Tobacco leaf cultivation occupies around 3.2 percent of total arable land in North Macedonia. North Macedonia is the second largest producer of oriental-type tobacco leaf after Turkey. In 2021, the total production of tobacco was 24,329 tons from 15,457 hectares of land, with an average yield per hectare of 1,574 kilograms. North Macedonia ratified the Framework Convention on Tobacco Control (FCTC) in 2006, which introduced a legal commitment for the reduction of tobacco production and consumption as well as to help those who are employed in the tobacco sector to find alternative viable livelihoods. The process of EU integration will require the reduction of crop-specific subsidies, likely leading to less income to tobacco farmers and an eventual reduction in the area harvested. The Government adopted a new Strategy for Tobacco Production (2021–2027) in which there is envisaged indirect support for tobacco farmers, but preparations will be made with education and counseling for future change to other crops. Tobacco farming traditionally has been supported by the Government of the Republic of North Macedonia. However, there is not enough research on the economic livelihood of tobacco farmers. Тo fill this gap and to provide results to support evidence-based policy and decision-making, a survey with a nationally representative sample was conducted. The survey comprises 806 farming households from 14 municipalities (urban and rural) in the top tobacco- producing regions in North Macedonia. Target groups (categories of respondents) for the survey are the following: 1. tobacco farmer (the respondent is a farmer who grew tobacco in 2021); 2. former tobacco farmer (the respondent is a farmer who grew tobacco in any year before 2021 and now cultivates other agricultural crops); and 3. never tobacco farmer (the respondent is a farmer who cultivates any agricultural crop other than tobacco and never cultivated tobacco previously). Survey results: - Around half of tobacco farmers are not turning a real profit. While most tobacco farmers believe they achieve positive “perceived” profits (excluding the value of household labor), with only a few households perceiving negative profits, around half of the households actually achieved negative “real” profits. - Most farmers struggle financially, living with an average monthly income below the average net monthly wage and below the value of the minimum household consumer basket. - Pensions and remittances are one of the most important components for maintaining an adequate level of income and standard of living for tobacco farmers’ families. Although they spend the most time in the field, current tobacco farmers have a higher incidence of poverty compared to former and never tobacco farmers. - Compared to former tobacco workers or never tobacco workers, the median current tobacco farmer devotes more time to growing crops. The median male farmer worked 1400 hours on tobacco cultivation, while the median male former and never tobacco farmers worked 1000 hours and 1260 hours, respectively. - Тhe children of tobacco farmers are more involved in farming relative to other farmers’ children. Children’s help in the harvesting of tobacco is 2.3 times more common compared to children’s help in harvesting other crops; however, no farmer reported hiring children to help with tobacco cultivation and children do not appear to be engaged in potentially harmful activities related to pesticide/ herbicide application. - Compared to other crop activities, tobacco cultivation typically requires significantly more pesticide. Pesticides are related to persistent health challenges for farmers and damage the environment through contamination of groundwater and watersheds. - Tobacco farmers show signs of green tobacco sickness, a form of acute nicotine poisoning. - Current tobacco farmers are more likely to rent land for farming compared to former and never tobacco farmers. In the survey, 22.2 percent of current tobacco farmers and 13.7 percent of former tobacco farmers stated that they rent land from others. - The vast majority of farmers reported having a contract with a leaf buyer. Survey results shows that almost all tobacco farmers (94 percent) in all major tobacco-growing regions have signed contracts with tobacco leaf buyers. More than half (57 percent) of the tobacco farmers say they are satisfied with the concluded tobacco agreement, while 36 percent are not. Tobacco cultivation is not as profitable as the government suggests. Thus, highlighting tobacco as a highly profitable crop is unfounded. This research indicates it would be much better for tobacco farmers, in terms of labor and economic efficiency, to reorient and grow another crop or pursue other economic activities in their local economy (such as wage work or small business). Around half of tobacco farmers are not turning a real profit. The opportunity cost for unpaid family labor makes growing tobacco unprofitable. Revenues of tobacco farmers decrease significantly when the opportunity costs are calculated. Household members could better allocate their labor to other tasks that earn money; not doing so results in significant economic loss for those tobacco families. Poverty rates among tobacco farmers are slightly higher than the nationwide poverty rate. Current tobacco farmers have the highest incidence of poverty when considering per capita income. Despite their high poverty rate, only a small share of tobacco farmers use some form of social assistance. Input costs for growing tobacco are typically very high, particularly compared to most other crops.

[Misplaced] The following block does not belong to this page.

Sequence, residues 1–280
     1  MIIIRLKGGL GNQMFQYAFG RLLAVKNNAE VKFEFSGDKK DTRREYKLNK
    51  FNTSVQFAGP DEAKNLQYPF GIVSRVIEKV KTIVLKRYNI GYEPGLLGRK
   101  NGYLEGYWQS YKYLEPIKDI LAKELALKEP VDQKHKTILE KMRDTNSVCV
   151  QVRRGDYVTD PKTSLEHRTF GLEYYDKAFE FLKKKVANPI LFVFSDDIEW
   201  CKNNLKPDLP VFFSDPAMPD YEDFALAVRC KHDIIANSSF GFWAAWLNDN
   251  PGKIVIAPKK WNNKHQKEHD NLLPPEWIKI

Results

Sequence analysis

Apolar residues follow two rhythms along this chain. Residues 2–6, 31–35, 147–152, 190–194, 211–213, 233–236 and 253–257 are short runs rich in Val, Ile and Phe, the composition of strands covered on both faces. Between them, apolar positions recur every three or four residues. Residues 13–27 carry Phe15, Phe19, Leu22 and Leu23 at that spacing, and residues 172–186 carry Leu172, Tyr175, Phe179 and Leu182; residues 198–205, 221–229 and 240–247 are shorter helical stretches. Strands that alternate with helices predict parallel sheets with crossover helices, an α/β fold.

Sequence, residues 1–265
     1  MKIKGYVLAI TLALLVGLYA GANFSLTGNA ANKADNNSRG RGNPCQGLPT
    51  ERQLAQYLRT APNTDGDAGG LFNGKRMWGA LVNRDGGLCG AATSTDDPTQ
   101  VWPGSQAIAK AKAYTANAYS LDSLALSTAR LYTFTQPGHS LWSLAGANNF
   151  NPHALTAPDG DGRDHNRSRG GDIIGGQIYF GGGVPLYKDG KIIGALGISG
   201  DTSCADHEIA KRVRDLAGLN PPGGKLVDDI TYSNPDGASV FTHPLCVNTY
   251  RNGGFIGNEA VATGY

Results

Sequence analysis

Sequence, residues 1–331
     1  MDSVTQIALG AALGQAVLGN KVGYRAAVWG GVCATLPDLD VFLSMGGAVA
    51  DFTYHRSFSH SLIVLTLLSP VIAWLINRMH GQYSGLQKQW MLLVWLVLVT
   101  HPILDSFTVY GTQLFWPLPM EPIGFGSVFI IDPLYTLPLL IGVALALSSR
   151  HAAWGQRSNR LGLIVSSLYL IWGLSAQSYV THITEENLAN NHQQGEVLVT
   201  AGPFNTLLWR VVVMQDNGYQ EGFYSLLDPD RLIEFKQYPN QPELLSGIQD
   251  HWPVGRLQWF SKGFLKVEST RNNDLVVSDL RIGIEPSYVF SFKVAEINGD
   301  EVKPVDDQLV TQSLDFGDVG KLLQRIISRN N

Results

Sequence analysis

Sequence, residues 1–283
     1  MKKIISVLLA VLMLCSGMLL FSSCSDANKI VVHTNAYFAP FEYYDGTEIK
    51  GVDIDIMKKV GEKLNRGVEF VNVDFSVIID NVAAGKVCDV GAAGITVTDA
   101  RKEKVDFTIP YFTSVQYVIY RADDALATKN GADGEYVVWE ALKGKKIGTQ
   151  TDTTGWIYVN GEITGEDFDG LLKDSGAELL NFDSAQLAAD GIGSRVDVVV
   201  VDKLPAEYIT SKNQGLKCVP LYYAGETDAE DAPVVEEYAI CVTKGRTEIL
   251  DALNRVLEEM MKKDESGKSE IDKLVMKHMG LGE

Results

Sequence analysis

The authors have no conflicts of interest to disclose.